Ready for an adventure with a purpose? Request info »
  • Search SEA Semester, Summer and High School Programs

Current position of the SSV Robert C. Seamans. Click on the vessel to view position history. Use the tools, top right, to change the map style or view data layers. Dates and times use GMT (Greenwich Mean Time).

SEA Currents: SSV Robert C. Seamans

November 25, 2017

Useful Tip: It’s All About the Wide Stance

Kimberly Kusminsky, C Watch, Eckerd College

The Global Ocean

Muriwai gannet colony from our time back in Auckland (that lone rock is covered in birds!!!)

Ship's Log

Current Position
31° 33.3’ S x 178° 40.9’ W

Course & Speed
Course Ordered & Steered: 030, sailing at 2.9 knots (we’re pinching)

Sail Plan
Continuing North to Raoul

Sunny, Windy, and Swelly  

Souls on Board

As I write this, the Seamans is sailing over thousands of meters of water!!! S-276 is extremely fortunate to be sailing over the Kermadec Ridge on our journey northward to Raoul. Our constantly sounding CHIRP instrument (which is pretty annoying) has been gathering data on the bathymetry (topography for the layman) of the ocean floor beneath us. So far we've sailed over some sea mountains and the saddle (the highest point) of the Kermadec Ridge which then drops to over 10,000 meters deep at its lowest point!!

Thousands of meters up at the surface, all 33 of us were keeping busy for our first Field Day!! Here on the Seamans, chores are a daily task carried out by morning watch. These chores include, but are not limited to: cleaning the heads, scrubbing the showers, and wiping all the goo out of the drains - mmmm. Once a week, however, we do a DEEP cleaning of the ship and all her nooks and crannies. Some of the tasks include removing and cleaning every seat cushion on board, gutting and cleaning all of the shelves, and my personal favorite, cleaning the toilet bowl brushes with a toothbrush, which I had the honor of doing? This might not sound very fun or glamorous, but the incentive being that we are permitted to blast music for a few hours (our only time to do so) on the ship.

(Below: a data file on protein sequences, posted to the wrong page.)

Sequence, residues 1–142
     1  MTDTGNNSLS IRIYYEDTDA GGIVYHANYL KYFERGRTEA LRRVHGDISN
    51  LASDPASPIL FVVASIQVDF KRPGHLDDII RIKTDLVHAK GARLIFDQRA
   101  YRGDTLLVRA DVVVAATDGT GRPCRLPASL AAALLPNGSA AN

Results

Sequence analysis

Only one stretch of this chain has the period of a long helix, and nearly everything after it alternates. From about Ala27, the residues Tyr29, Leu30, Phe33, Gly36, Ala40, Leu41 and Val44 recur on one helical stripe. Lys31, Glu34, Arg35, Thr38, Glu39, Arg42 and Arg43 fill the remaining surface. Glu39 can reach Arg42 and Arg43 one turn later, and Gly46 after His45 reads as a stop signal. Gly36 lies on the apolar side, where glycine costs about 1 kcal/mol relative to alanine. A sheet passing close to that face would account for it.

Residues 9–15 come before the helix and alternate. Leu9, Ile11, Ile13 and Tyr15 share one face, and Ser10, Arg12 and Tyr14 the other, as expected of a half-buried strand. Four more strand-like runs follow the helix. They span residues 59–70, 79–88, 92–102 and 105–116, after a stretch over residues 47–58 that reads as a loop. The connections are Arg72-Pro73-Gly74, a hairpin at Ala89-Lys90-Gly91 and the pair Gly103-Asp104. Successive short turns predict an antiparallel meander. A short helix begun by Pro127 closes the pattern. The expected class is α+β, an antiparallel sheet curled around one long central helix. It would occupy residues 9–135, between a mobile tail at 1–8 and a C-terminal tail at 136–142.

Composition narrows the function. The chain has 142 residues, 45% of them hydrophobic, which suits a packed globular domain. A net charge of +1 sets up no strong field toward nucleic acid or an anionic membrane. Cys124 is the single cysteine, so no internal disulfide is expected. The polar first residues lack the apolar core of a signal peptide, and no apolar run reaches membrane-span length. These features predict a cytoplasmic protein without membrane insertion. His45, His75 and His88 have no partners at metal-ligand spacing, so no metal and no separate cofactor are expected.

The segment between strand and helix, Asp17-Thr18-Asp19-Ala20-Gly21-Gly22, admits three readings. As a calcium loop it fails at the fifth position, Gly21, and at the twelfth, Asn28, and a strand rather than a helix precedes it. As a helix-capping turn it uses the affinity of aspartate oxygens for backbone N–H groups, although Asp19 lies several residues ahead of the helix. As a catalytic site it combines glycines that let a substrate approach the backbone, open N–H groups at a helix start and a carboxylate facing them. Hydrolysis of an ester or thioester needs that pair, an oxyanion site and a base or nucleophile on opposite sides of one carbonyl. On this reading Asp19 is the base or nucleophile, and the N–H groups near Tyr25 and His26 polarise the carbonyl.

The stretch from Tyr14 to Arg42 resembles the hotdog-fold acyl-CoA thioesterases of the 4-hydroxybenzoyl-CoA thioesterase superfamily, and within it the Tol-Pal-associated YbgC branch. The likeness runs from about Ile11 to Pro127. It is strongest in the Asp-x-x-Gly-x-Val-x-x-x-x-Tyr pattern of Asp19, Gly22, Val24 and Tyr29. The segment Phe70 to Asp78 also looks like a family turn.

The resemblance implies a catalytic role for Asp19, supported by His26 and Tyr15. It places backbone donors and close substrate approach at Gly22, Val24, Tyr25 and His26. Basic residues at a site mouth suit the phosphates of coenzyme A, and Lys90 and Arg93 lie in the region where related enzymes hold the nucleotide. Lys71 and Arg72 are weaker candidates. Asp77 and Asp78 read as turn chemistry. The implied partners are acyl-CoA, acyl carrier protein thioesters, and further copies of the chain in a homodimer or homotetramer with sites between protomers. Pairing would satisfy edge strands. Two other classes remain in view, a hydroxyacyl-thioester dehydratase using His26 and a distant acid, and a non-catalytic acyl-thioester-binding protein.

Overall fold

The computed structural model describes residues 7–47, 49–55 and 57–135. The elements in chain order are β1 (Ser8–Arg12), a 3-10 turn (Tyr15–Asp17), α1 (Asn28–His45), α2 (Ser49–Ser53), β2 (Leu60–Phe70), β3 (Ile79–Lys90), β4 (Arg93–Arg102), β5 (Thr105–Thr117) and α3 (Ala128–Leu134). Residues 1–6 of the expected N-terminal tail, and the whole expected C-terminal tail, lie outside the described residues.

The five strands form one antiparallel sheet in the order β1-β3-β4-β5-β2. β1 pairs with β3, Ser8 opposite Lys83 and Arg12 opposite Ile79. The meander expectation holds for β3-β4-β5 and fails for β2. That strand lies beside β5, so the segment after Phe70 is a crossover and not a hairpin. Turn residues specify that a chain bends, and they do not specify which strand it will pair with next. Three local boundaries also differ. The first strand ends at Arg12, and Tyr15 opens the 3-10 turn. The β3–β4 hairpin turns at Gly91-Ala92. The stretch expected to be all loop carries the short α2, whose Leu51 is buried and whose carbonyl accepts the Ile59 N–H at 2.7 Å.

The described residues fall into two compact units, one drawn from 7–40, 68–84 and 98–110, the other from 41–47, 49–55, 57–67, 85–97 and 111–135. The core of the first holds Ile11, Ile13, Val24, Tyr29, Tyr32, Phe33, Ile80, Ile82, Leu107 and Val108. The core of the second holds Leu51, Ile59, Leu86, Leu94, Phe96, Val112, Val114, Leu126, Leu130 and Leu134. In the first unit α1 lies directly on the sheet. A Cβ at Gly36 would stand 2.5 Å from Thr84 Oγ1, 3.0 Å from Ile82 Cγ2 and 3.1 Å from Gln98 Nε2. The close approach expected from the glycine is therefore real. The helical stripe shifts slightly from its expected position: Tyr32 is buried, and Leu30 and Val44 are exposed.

Today also marks our second full week aboard the Seamans. Time at sea, punctuated by a strange sleep schedule, is like a vortex, and we often forget how long we've been out here≈some days it feels like two weeks, others two months. On land, each day ends with a good night's sleep, but here our time is fragmented by precious naps, only waking for food or to stand watch for six hour increments. Though it feels like free time is always fleeting, I speak for everyone when I say there have been plenty of special moments and memorable firsts so far. Among my favorites has been waking up for dawn watch one morning to a brightly burning Crux (the Southern Cross constellation) outside my porthole window. I began my watch at the helm, using the stars to guide my course. I've never seen a night sky so full of stars like I have on this particular dawn watch. Singing "Southern Cross" by Crosby, Stills & Nash with Eva a thousand times over couldn't prepare me for such a moment.  

To my loving and generous parents: we've been so incredibly busy (also I forgot to charge my phone) so I'm sorry I haven't called at port. I've been thinking of you a lot, but not too much to distract me from this incredible experience you've provided me, Happy Thanksgiving!! I hope the Cowboys won Dad!! Also: HEY EVA!!!!!! Will says hi !

Much love,


Leave a public comment for students and crew to read when they reach their next port and have access to the internet!



Add a comment:

Notify me of follow-­up comments?

I would like SEA to keep me informed about news and opportunities.